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Good Germs, Bad Germs: Health and Survival in a Bacterial World Paperback – September 16, 2008
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From Publishers Weekly
Science writer Sachs (Corpse) makes a strong case for a new paradigm for dealing with the microbial life that teems around and within us. Taking both evolutionary and ecological approaches, she explains why antibiotics work so well but are now losing their effectiveness. She notes that between agricultural antibiotic usage and needless prescriptions written for human use, antibiotic resistance has reached terrifying levels. A decade ago, resistant infections acquired in hospitals were killing an estimated eighty-eight thousand Americans each year... more than car accidents and homicides combined. Our attempts to destroy microorganisms regularly upset useful microbial communities, often leading to serious medical consequences. Sachs also presents evidence suggesting that an epidemiclike rise in autoimmune diseases and allergies may be attributable to our misguided frontal assault on the bacterial world. The solution proposed is to encourage the growth of healthy, displacement-resistant microbial ecological communities and promote research that disrupts microbial processes rather than simply attempting to kill the germs themselves. Despite the frightening death toll, Sachs's summary of promising new avenues of research offers hope. (Oct. 16)
Copyright © Reed Business Information, a division of Reed Elsevier Inc. All rights reserved. --This text refers to an out of print or unavailable edition of this title.
“Could hardly be more timely.” ―The New York Times
“Brings the battle against dirt firmly into the 21st century.” ―The Washington Post
“Explains how our obsession with cleanliness led us to this point and details how science may still find a way past the danger.” ―O, The Oprah Magazine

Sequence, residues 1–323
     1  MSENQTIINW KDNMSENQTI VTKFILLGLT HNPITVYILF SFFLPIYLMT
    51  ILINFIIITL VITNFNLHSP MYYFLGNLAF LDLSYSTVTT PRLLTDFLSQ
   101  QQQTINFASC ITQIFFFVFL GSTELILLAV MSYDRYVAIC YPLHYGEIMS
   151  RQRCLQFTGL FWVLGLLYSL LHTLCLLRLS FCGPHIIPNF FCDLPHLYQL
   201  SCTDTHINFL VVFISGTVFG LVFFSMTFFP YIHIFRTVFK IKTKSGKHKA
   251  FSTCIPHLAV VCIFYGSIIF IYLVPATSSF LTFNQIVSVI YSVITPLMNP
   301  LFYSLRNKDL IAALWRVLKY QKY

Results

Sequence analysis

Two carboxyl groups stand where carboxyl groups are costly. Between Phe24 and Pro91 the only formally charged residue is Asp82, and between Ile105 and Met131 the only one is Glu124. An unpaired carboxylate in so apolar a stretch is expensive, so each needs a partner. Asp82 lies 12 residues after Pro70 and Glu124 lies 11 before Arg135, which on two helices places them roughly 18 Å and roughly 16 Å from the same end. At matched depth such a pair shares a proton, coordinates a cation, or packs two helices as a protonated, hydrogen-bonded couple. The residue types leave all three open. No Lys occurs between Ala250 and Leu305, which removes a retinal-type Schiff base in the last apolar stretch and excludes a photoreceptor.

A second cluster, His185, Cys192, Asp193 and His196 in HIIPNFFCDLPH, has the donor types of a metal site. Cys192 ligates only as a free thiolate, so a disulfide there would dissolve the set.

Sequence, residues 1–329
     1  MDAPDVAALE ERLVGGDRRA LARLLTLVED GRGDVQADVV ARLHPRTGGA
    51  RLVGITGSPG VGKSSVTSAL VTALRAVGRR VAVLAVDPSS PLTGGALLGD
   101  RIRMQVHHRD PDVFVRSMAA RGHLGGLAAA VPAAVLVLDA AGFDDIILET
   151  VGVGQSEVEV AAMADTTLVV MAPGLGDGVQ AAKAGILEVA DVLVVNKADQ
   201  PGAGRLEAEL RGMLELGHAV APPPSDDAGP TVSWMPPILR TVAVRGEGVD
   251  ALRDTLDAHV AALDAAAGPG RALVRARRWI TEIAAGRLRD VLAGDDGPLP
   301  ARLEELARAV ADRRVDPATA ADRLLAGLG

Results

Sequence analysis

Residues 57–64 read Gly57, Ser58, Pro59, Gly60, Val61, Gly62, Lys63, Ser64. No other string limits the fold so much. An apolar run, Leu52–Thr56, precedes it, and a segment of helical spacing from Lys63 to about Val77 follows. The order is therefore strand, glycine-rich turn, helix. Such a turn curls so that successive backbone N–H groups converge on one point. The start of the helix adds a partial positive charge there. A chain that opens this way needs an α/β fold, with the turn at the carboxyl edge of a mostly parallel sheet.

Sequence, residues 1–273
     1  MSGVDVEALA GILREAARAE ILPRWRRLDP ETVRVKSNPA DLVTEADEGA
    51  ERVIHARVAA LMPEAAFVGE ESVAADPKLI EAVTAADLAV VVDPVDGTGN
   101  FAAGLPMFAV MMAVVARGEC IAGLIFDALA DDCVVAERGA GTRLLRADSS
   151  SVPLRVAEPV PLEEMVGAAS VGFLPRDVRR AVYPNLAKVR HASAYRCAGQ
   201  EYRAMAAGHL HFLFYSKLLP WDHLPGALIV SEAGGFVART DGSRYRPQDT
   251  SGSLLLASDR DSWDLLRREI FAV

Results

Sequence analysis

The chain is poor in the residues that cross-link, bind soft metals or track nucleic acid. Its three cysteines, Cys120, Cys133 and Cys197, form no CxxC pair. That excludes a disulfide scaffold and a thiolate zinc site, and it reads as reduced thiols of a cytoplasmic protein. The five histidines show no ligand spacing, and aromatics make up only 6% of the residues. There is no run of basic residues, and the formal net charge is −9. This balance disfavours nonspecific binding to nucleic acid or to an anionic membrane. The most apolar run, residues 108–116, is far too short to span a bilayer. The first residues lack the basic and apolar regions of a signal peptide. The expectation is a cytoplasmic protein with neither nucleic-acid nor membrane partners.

Top customer reviews
anyway, this book will open your eyes to the role bacteria play in our lives as well as the folly of our attempts to eradicate them. well written, and easy to understand without being simplistic, this is a book that everyone should read.
We've co-evolved with bacteria, and we need each other. Animals raised in a truly sterile environment, with no bacteria, do not thrive. Good bacteria help with food digestion, produce enzymes so we have better nutrition, and help fight off disease by crowding out disease-causing bacteria.
It looks as if we've been too successful in sterilizing our environment. Children raised on farms, where they are exposed to more bacteria while they are growing up, have a much lower rate of allergies and auto-immune diseases than children raised in cities. It looks like we need a certain amount of stimulation of our immune system by outside bacteria for it to develop optimally. Otherwise, our immune system grows up to be on a hair-trigger, ramping up too quickly and aggresively. Kids need to get dirty to grow up healthy :-)
This is an excellent book, with a background on the science of bacteria, how they evolve and respond to our use of antibiotics, how we are now threatened by antibiotic-resistant bacteria, techniques for reducing risks from disease-causing bacteria, a survey of probiotic developments and research, and discussion about where we are headed. Well written and engaging, highly recommended.